Women Ranchers Subject of MSU History Dept. Event

Women Ranchers Subject of MSU History Dept. Event

The Midwestern State University History Department will host a public lecture and symposium about Women Ranchers in Texas June 2-3 at the Wichita Falls Museum of Art at MSU. The Thursday evening lecture is at 6 p.m. and is free and open to the public. The symposium on Friday is from 8:30 a.m. to 4:30 p.m. and requires a $20 registration and includes a luncheon. Teachers and students may attend at the discounted rate of $10.

The Women Ranchers in Texas Project includes a lecture by prominent Texas historian Carolina Crimm. The symposium will feature presentations by 11 professional and citizen historians. The project is an endeavor that involves historians, archivists, librarians, and English and sociology professors.

Women ranchers, who are defined for this project as those who were the primary decision makers for their operations, have largely been ignored by historians who wrote volumes of the iconic cattlemen of the American West. The project addresses such issues and the symposium will serve as a launching pad for a larger project that includes an anthology. Women's History is an important and emerging field; this opportunity puts MSU and its history department at the forefront of such studies in Texas.

Crimm's topic will be "Tejana Ranchers: Surviving the onslaught from 1836 to 1900," and will consider the life of Facunda Cavazos Castillo. The death of her husband in 1872 left Castillo with the challenge of running their Refugio ranch, fighting a court case to protect her land from aggressive neighbors, and saving her two sons from murder at the hands of a lynch mob. Her eventual sale of the ranch and move to Charco Escondido near Reynosa, Tamaulipas, in Mexico, allowed her family to survive and prosper in the face of tremendous challenges.

Crimm, born and raised in Mexico City, came to the United States at age 17. She holds degrees from the University of Miami, Texas Tech, and she completed her Ph.D. in Latin American History at The University of Texas at Austin. Among her many books and articles is the award-winning De León: A Tejano Family History (2004). During her 40 years in teaching, she has won numerous awards including the prestigious Piper Award as one of the best teachers in Texas. She recently retired and has been honored as a Professor Emeritus in History at Sam Houston State University for her work with students, the university and the community. She lives in Huntsville, Texas, with her husband Jack.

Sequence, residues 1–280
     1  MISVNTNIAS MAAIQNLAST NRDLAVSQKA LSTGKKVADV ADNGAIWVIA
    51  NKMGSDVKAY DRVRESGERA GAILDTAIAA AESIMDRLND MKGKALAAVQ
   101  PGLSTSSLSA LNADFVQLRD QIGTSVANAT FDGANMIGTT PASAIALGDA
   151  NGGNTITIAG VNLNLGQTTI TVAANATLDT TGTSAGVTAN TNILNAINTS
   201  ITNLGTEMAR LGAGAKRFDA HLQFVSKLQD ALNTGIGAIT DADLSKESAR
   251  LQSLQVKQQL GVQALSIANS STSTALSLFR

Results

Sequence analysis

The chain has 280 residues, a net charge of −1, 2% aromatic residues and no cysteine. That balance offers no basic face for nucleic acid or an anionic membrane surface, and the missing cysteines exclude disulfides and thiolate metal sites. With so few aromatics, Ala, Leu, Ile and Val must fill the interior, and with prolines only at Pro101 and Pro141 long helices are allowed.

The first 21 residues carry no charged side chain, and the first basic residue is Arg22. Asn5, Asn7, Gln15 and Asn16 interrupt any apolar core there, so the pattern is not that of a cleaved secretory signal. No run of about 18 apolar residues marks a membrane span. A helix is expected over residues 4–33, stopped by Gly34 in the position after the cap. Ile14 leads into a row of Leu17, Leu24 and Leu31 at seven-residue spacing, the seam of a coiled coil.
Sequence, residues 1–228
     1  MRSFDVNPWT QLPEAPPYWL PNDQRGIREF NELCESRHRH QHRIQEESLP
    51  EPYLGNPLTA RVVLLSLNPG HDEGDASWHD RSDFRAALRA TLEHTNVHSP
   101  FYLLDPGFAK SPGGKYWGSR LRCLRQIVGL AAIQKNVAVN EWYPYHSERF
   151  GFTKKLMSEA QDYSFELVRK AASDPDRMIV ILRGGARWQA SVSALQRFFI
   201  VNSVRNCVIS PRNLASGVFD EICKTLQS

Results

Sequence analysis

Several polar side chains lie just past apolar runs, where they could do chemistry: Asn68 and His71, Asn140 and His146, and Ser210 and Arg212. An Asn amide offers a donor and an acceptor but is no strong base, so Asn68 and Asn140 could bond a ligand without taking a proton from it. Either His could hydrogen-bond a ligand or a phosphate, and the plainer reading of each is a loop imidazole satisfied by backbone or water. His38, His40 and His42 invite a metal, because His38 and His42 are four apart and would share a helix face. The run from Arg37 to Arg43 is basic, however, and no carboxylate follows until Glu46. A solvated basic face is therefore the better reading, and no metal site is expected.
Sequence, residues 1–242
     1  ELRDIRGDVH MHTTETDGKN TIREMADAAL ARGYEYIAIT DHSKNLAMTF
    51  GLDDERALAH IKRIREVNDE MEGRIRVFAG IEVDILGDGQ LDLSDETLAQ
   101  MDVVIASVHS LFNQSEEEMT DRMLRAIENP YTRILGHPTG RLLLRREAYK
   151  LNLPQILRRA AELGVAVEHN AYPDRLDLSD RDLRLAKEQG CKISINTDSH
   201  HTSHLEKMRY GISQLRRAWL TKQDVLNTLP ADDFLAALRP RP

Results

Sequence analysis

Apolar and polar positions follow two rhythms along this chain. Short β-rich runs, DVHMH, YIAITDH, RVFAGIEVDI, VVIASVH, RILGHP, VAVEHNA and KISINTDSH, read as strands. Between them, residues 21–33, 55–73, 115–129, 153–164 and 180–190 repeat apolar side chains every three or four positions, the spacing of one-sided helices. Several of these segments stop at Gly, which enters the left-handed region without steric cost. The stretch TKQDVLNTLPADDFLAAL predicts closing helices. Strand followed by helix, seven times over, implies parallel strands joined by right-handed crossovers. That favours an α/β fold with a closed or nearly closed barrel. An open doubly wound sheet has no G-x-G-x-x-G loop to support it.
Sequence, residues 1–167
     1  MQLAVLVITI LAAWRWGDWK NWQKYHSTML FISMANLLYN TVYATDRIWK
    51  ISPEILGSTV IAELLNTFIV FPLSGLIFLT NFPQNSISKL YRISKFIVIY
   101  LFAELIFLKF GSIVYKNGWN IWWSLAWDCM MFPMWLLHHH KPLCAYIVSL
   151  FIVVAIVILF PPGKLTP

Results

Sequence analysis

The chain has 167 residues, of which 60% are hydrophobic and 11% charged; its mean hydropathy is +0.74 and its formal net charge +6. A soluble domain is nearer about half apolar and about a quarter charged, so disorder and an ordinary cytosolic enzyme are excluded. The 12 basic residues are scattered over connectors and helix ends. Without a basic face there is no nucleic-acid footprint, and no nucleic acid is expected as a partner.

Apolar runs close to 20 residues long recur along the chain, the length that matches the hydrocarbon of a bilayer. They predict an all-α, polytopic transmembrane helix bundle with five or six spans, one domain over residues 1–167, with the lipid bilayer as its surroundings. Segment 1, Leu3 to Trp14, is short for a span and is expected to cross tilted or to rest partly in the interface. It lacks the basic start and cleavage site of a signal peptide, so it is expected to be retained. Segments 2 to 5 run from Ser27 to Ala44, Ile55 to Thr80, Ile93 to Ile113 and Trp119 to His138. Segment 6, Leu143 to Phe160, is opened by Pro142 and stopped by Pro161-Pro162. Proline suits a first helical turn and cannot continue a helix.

The symposium will feature keynote luncheon speaker Dr. Diana Vela, who will present "Ranchers, Riders, and Rebels." Vela is the associate executive director of exhibits and education at the National Cowgirl Museum and Hall of Fame. With more than 20 years of experience in the education field, she has lectured and published in the areas of early westering women: ranchers, cowgirls, performers, writers, trailblazers and pioneers.

Symposium presenters will consider well-known ranch women Henrietta King and Cornelia Adair in particular, and other women whose stories are not so common such as Lizzie Crosson of the Big Bend and the Binford sisters in Oldham County. Interesting stories of antebellum ranchers in West Texas and women in wire-cutting wars will also be told. The career of Jackie Worthington of Jackboro, Texas, a rancher and a founder of the Girls Rodeo Association, is addressed along with that of another rancher and Cowgirl Hall of Fame honoree, Mary Ellen "Dude" Barton. Barton and several family members will attend the Friday symposium.

The project is supported by funding from the Midwestern State University office of the provost and the history department. Contact Dr. Leland Turner at Leland.turner@msutexas.edu, 940-397-4153, or 940-642-3413 for more information.